Audio Quality on this release is presented in both new DTS-HD 7.1 Master Audio & the original Mono recordings in Dolby Digital 2.0 Stereo @192kbps. This 7.1 mix mostly bares presence in the front three channels, with discrete rear channel presence. The dialogue is delivered perfectly, and the original music sounds great as well. Only a handful of episodes involving action outside of the Enterprise have a fulfilling use of the entire soundscape, as these scenes also give the highlight of subwoofer use. As far as special effects go, the use of the phaser sounds are notable. The 7.1 mix is impressive at times and is worth listening to over the original Mono recordings only if you have a full 7.1 speaker setup and not a 5.1 setup. If you aren’t on a full 7.1 setup I’d probably suggest listening to the original Mono recordings, as well as if you are a purist. The slight improvements here over the Dolby TrueHD 5.1 found on the previous HD-DVD release is enough to earn it a “4 Star Rating” for overall audio quality.


Bonus Materials are presented in both Standard Definition (SD) and High Definition (HD) video using the VC-1 codec and Dolby Digital 2.0 Stereo sound. Because of the variety in video quality I’ll be noting which format they are in beside the runtimes below.

  • Starfleet Access” is an on-screen graphical interface (using Bonus View) that allows the viewer to access Picture In Picture video commentaries that feature comparisons of the original to the newly restored footage as well as interviews, episode specific trivia, an encyclopedia of sorts of “Star Trek” information and more. This does require the user to be on a “Profile 1.1” or higher Blu-ray Disc Player since it uses Bonus View. The only real complaint I have that is that this feature is only available on 6 of the 29 episodes included in Season One. The episodes that include “Starfleet Access” are listed below:

      Where No Man Has Gone Before” – Disc 1
      The Menagerie, Parts 1 & 2” – Disc 3
      Balance of Terror” – Disc 4
      Space Seed” – Disc 6
      Errand of Mercy” – Disc 7

    Each Disc of this Seven Disc set contains Preview Trailers for the episodes found on that disc. These are in Standard Definition (SD) in the original format they ran at the end of each episode as a preview of what to expect next week. This feature proves useful to find out if the episode you think you want to watch is for sure that episode, you can get some brief clips and such.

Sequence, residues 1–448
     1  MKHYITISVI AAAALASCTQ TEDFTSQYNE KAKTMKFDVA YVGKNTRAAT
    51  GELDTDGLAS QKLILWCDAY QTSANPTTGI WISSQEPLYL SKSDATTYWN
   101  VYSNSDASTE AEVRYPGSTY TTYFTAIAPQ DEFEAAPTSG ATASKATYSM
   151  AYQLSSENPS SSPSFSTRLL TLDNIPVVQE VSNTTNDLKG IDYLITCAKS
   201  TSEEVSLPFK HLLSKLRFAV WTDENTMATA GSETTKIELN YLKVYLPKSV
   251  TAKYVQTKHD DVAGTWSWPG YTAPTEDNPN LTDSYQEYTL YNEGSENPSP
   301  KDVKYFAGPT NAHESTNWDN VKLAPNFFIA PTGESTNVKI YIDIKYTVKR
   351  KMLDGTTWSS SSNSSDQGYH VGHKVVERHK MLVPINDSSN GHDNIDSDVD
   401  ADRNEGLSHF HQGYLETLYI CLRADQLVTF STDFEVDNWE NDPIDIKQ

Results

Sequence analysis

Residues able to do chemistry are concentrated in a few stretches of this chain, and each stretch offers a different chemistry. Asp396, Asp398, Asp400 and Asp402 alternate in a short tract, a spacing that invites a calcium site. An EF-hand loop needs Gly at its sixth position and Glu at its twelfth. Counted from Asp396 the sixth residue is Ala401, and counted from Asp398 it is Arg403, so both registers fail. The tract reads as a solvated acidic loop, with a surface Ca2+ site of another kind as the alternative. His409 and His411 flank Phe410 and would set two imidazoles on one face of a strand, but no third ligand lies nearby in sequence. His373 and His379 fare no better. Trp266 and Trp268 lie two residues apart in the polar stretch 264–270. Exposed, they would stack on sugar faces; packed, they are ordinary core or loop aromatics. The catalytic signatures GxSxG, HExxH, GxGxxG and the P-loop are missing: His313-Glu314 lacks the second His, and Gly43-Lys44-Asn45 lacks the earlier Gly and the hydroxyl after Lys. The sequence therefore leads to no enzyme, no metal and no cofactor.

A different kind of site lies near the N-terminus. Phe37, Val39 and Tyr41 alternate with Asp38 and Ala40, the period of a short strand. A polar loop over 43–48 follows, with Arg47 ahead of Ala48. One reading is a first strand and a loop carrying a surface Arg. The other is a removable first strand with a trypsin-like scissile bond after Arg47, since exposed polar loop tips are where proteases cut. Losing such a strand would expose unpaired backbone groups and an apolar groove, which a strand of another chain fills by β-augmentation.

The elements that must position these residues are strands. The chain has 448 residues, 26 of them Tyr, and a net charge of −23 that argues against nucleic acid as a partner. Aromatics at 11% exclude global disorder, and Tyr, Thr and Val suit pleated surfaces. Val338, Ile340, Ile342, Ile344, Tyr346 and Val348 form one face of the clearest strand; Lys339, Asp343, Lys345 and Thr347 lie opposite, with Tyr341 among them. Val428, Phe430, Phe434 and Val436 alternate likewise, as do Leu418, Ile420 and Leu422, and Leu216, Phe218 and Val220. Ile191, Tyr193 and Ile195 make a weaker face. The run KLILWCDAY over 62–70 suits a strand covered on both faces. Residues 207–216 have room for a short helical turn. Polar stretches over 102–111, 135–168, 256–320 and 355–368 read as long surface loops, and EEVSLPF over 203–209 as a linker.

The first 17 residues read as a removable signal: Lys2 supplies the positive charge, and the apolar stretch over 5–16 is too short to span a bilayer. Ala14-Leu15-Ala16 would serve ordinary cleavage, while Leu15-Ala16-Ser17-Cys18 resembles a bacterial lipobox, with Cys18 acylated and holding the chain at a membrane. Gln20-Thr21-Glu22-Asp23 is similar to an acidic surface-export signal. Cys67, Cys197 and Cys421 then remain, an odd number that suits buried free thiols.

Also worth noting if you didn’t notice mentioned above, this contains not only both the original version of special visual effects and the controversial new special visual effects but also gives the viewer the ability to choose which version they want to watch by hitting the “Angle” button on their Blu-ray Disc Player remote control during an action sequence or so forth to switch between new and old visual special effects. This is a really cool feature and I’m sure the fans will love it.

  • 2009 Theatrical Trailer” for the new film franchise reboot “Star Trek” Directed by J.J. Abrams is included on Disc 1. This is 2 minutes long, in Hi-Def (HD) video and actually features DTS-HD 5.1 Master Audio sound. Fans will definitely get a kick out of this glimpse at what the Blu-ray Disc release eventually might look and sound like.
  • Spacelift: Transporting Trek into the 21st Century” (20 minutes – HD) is found on Disc 1. This is a pretty decent documentary on the show itself and even the new visual effects used that are so controversial to the fan base of this show. This features interviews with folks like the Senior Vice President of CBS/Paramount (David Lafountaine), members of both the restoration and the visual effects processes. This gives you a nice behind-the-scenes look of how this release (controversial as it may be) came to be. The entire recording session of the newly re-orchestrated theme is included in this documentary. This is really worth checking out if you like the new “visual effects” version.
  • An Easter Egg” can be found on Disc 2. Click the red button on the main menu that lacks any text beside it for a musical montage of visual effects shots of the USS Enterprise.
  • Reflections on Spock” (12 minutes – SD) on Disc 3 is a obvious retrospective featurette on Leonard Nimoy‘s character “Spock“. Nimoy gives us a great interview which starts things off as well as clips of him as “Spock” from the show. This proves to be very informative and entertaining.
  • Life Beyond Trek: William Shatner” (10 minutes – SD) on Disc 4 is a candid interview with Shatner discussing horses and then sit-down interview, again discussing horses. It’s obvious that aside from acting and sometimes music, horse riding seems to be one of Shatner‘s passions. This isn’t really “Star Trek” related at all, but if you’re a fan of Shatner you won’t have any problem with that. I will go as far though to make an obvious pun here discussing him obviously have a soar throat. He seems a bit hoarse.